• Challenged students to become aware of higher level thinking skills. Used various multimodal teaching strategies, and helped students to adapt and learn from teaching methods previously foreign to them.
  • Developed independent curriculum for classes. Topics include intercultural communication, issues in the media, global awareness, environmental issues, mapping, and storytelling.
  • Led students on observational field trips to the areas surrounding campus, developing their awareness of English as a tool for everyday communication. Helped students develop final projects to communicate what they had learned.
  • Facilitated international email partnerships between my students and other students in Indonesia and the U.S.
  • Designed curriculum to help students challenge themselves on issues of stereotyping and racism.
  • Mentored students and teachers. Developed reciprocal relationships where one-on-one mutual learning could take place. Solved cross-cultural communication issues by engagement and dialogue.
  • Began a lifelong study of Mandarin Chinese, both spoken and written.
  • Challenged my own assumptions about education and learned about another worldview by empathizing with students and fellow teachers. Used my own journey as a Chinese language learner to engage students.
  • Supported my 3 children as they studied in local schools, struggled with and eventually became fluent in Chinese, and immersed themselves in the local culture. Became familiar with some of the issues, challenges, and joys faced by immigrant parents.
  • Traveled within China and in Southeast Asia.  Got to know people from all walks of life, from urban to rural, rich to poor.  Observed firsthand many of the effects of rapid societal change brought on by globalization.
  • Blogged extensively to communicate my observations and questions to an international audience. (ca. 500 pageviews/week)
I hate to toot my own horn here, but ...  Okay, yeah, I am tooting my own horn.  And happy to do so, at this particular moment.  Looks like I have been doing something after all, haven't I? 

(If you know anyone who's hiring, better tell them to hurry up and get in touch with me before someone else snatches me up...)

Thursday, April 12, 2012

Choosing your princesses wisely

This morning while getting ready for school, Ysa made a beeline for her fancy white short sleeve dress. Which would have been fine, except that we've had an unseasonable return of March in the last two days, and it's been cold, rainy, drizzly, and muddy. So no white dress.

"But Dad, I want to be like BaiXue GongZhu!"

"And who is BaiXue GongZu?"

"BaiXue GongZHU, Daddy!" (yes, my Chinese is still at the level where my four year old routinely corrects my pronunciation) "She's a princess!" The TV has been on a lot, because, um... we've been lazy parents?... >ahem< I mean, it's been helping our kids improve their Chinese tremendously. So princesses have been on her mind a great deal as of late.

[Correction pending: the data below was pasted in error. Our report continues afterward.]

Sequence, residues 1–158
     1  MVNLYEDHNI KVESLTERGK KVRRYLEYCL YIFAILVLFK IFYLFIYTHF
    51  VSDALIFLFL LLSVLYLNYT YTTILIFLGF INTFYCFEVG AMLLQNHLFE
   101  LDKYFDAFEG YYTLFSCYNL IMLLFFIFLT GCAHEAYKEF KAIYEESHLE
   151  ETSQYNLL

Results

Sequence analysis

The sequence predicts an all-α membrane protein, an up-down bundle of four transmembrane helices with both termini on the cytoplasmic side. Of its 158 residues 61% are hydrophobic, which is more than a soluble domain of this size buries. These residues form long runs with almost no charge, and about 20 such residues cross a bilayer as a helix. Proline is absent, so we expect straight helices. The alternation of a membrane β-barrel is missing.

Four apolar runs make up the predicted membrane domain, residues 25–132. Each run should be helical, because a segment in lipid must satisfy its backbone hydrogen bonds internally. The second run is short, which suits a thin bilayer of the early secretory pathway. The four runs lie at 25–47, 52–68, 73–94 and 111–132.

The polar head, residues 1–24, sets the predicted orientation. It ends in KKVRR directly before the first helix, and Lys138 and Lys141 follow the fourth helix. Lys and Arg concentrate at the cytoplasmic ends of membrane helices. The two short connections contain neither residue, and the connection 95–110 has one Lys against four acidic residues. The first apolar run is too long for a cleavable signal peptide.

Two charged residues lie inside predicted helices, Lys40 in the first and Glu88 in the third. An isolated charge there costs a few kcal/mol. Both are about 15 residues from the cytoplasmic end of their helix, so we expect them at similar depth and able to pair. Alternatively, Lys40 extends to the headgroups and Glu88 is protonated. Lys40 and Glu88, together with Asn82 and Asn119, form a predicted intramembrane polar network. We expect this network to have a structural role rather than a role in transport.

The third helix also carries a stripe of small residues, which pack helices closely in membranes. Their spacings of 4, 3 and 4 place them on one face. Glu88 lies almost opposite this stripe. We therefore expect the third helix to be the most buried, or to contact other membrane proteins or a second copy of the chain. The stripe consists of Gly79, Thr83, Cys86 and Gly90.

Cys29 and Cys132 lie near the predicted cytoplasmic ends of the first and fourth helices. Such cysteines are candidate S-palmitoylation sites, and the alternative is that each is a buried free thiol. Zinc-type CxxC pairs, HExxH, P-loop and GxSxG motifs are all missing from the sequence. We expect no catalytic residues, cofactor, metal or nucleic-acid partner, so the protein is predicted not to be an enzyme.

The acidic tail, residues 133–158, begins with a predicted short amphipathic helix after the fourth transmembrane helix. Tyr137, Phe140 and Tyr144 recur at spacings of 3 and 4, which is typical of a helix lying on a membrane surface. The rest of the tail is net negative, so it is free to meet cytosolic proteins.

As we continued getting ready, Ysa told me more about BaiXue GongZu (白雪公主), the White Snow Princess, who, as her name suggests, dresses only in white. And then something clicks - hey, she's talking about Snow White! Or at least a Chinese version thereof. Which got me thinking a little bit more about princesses, both Western and Chinese, and what both versions have in common - namely, hefty tie-ins to promotional marketing campaigns and a heavy reliance on princes.

So that was the inspiration to head off to YouTube, and follow through on my weeks-old promise to tell her all about Atalanta, the fastest and smartest princess around. The version below comes straight from my seventies childhood, via Free to Be, You and Me. (Thanks, Mom!) And it has Alan Alda doing the male voices - who knew?

After that, what more is there to say? When I picked her up from kindergarten, she told me that she wanted black hair and clothes like Atalanta's. I told her that it was a very old story, and that nobody knew exactly what color Atalanta's hair was really. And as far as clothes go, Atalanta wears whatever she wants, right? That seemed to satisfy her, so I allowed myself to savor a small moment of smug parental self-congratulation as I watched her run on ahead of me. As fast as she possibly could, with her hair streaming behind her.

Wednesday, April 11, 2012

Caine's Arcade

Caine's Arcade from Nirvan Mullick on Vimeo.

A video about a kid in East LA who built a cardboard arcade in the back of his dad's used auto parts store.  I'd seen this referenced around the internet a lot this week, and finally got around to watching.  It's well worth the ten minutes to see the whole movie, not just for the portrait of Caine (who is an awesome kid, by the way), but what happened when it hit the internet, and the arcade was mobbed with hundreds of visitors.  Looking at the movie's web site today, Caine has had upwards of $38,000 donated to his college fund, and climbing!  Go, internet!